Investors breathe a sigh of relief as the Russian President finally endorses a pro-Western, market-friendly candidate
At long last, the biggest mystery in Russian politics has finally been resolved. On Dec. 10, Russian President Vladimir Putin revealed the long-awaited name of the candidate he will back in Russia's presidential election in March. Ending months of feverish speculation, the President has chosen his First Deputy Prime Minister and former chief of staff, Dmitry Medvedev.
At a key meeting with leaders of the pro-government United Russia party, which is due to officially endorse a candidate on Dec. 17, Putin left both party and nation in absolutely no doubt about whom he would back. "I've known him for 17 years, am very close to him, and fully and entirely support this candidate," Putin said of Medvedev.
(Editor's Note: On Dec. 11, Medvedev returned the favor. He revealed in a speech that if elected he would ask Putin to serve as Prime Minister and head of the government.)
Everyone understands that Putin has for all intents and purposes anointed his successor. "We've got the name of the next President of the Russian Federation," says Vyacheslav Nikonov, a well-known Russian political commentator close to the Kremlin. Putin's own prestige and popularity mean that whomever he backs will almost certainly be elected by a large majority in March.
Protecting Medvedev from Rivals
The news follows months of political intrigues, which had kept people guessing until the last minute. Ever since Putin promoted Medvedev to the rank of First Deputy Prime Minister two years ago, he has long been seen as one of the most likely candidates to succeed Putin. (BusinessWeek called it right at the time (BusinessWeek, 11/28/05).)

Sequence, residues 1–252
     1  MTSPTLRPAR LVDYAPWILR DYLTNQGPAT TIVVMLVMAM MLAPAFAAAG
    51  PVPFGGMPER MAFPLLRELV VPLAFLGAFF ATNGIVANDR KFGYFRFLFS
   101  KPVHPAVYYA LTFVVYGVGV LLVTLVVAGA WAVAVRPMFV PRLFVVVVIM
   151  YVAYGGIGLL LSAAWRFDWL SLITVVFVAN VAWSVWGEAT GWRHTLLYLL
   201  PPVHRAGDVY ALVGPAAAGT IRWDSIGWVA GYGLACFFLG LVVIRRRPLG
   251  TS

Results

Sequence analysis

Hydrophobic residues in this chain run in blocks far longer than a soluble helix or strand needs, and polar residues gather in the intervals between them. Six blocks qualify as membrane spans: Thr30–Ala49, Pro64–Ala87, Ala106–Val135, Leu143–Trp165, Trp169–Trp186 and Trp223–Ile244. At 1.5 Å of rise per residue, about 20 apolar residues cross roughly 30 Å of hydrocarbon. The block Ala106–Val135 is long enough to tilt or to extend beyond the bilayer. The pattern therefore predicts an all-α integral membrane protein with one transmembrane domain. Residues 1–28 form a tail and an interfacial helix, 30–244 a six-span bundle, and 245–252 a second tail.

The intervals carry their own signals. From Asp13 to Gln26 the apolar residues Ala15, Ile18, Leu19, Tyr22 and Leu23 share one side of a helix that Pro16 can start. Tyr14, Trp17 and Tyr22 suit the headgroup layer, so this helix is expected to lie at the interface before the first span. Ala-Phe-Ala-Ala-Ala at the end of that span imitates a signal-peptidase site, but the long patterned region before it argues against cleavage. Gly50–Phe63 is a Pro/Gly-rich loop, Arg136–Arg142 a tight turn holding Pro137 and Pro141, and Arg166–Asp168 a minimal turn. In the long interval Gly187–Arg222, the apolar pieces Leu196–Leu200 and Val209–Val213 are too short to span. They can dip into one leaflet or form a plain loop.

More recently, Medvedev's star had appeared to wane, as Putin apparently tilted first toward Sergei Ivanov, a hawkish former defense minister, and then to Viktor Zubkov, who was unexpectedly promoted to Prime Minister in September (BusinessWeek.com, 9/12/07). Until Putin's Dec. 10 announcement, all three candidates were regarded as strong possibilities.
But in retrospect, such maneuvers appear to have been part of an elaborate bluff designed to prevent rivals from damaging Medvedev in advance of the election campaign. "I think Putin decided on him from the very beginning," says Nikonov. "He's quite smart. He grasps things immediately. He's young and is a long-term political shot. He's quite efficient and can deliver results."
Putin's backing of Medvedev is the best news that investors could realistically have hoped for. Russia's benchmark stock market index, the RTS, was up nearly 2% on the day of the announcement. Medvedev, 42, is seen as representing the more liberal and pro-Western wing of Russia's ruling establishment. "There has been resolution of the uncertainty," says Clemens Grafe, economic and political analyst at UBS (UBS) Investment Bank in Moscow. "It will also mean a change of image. You can't see Medvedev continuing with the strong anti-Western comments you saw in the runup to the Duma elections. He'll rebuild relations with Western leaders."